Scotts amended this fast-growing grass seed with fertilizer to get the seedlings off to a strong start, and the company promises results in just 21 days. It’s uncoated seed, and a 5.6-pound bag can seed up to 2,800 square feet. Other sizes may be available.
- Quantity: 5.6 pounds
- Coverage: Up to 2,800 square feet
- Coated: No
- This grass seed is designed to germinate and grow quickly
- The seed is suitable for both sunny and moderately shaded areas
- Added fertilizerhelps to nourish seedlings as they grow
- Since these seeds are not coated, they won’t retain moisture as well as coated seeds
Get the Scotts Turf Builder Rapid grass seed for shade at The Home Depot or Target.
Grasses that grow in the shade are often on the tender side. GreenView Fairway Formula is formulated to withstand increased foot traffic without suffering damage. The Fairway grass seed contains no added fertilizers or mulches, and it’s a bare-seed product—no coating of any sort. The entire blend consists of improved Kentucky bluegrass seed varieties.
For the highest level of traffic resistance, grow Fairway Formula in the upper half of the U.S. in either sunny or moderately shaded areas that see at least 4 hours of sunlight per day. This blend comes in a 7-pound bag that covers up to 7,000 square feet.
- Quantity: 7 pounds
- Coverage: Up to 7,000 square feet
- Coated: No
- This mixture is designed for increased resistance to foot traffic
- The grass will grow in either sun or moderate shade
- These seeds will produce grass with a dark green color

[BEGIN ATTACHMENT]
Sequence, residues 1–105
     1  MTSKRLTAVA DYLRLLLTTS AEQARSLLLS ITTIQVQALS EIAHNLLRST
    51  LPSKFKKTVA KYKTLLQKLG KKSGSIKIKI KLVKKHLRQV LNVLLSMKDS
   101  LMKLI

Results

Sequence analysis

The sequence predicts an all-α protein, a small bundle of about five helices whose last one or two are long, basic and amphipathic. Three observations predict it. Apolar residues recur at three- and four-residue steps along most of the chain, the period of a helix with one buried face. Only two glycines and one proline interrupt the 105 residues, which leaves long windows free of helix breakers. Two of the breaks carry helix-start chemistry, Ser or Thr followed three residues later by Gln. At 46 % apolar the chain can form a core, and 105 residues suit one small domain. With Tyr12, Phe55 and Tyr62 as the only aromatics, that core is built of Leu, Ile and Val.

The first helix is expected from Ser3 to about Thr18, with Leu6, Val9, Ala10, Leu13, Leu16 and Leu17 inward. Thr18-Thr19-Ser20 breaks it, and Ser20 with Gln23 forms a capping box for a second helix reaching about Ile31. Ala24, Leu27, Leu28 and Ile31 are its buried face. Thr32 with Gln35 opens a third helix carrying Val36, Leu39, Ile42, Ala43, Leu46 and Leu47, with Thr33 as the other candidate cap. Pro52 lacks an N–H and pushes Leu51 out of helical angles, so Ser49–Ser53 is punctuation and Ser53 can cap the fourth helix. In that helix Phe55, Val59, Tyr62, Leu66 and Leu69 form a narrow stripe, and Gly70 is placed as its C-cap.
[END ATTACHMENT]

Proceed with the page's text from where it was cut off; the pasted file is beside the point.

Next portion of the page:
- These seeds aren’t suitable for warmer regions
Get the GreenView grass seed for shade at The Home Depot.
Small areas, such as the bare ground beneath a shade tree, can be successfully planted with Pennington One Step Complete Dense Shade Bare Spot mix. This grass seed contains a blend of fescue varieties that can be grown in both cooler and warmer regions. The seed is coated to absorb and retain moisture during the germination phase, and its professional-grade fertilizer helps seedlings grow.
One Step is shade-tolerant and can grow in areas that receive as little as 2 hours of sunlight per day. The mix also contains finely shredded wood mulch that retains moisture and offers a bit of cover for the seeds to help keep them from washing away before they sprout. A 5-pound bag covers up to 75 square feet.
- Quantity: 5 pounds
- Coverage: Up to 75 square feet
- Coated: Yes
- The seeds are coated to retain moisture during germination
- Contains mulch and fertilizer to feed seedlings as they grow
- These seeds are suitable for both warm and cool regions
- Pennington’s coated seeds can potentially be toxic to wildlife
Get the Pennington One Step grass seed for shade at Menards.
What to Consider When Choosing a Grass Seed for Shade
Owners of shady yards—or those with a combination of sunny and shaded areas in the same yard—often find it challenging to cultivate a lush lawn. Lawn grass loves the sun. However, grass seed producers have improved certain varieties to make them more shade-tolerant.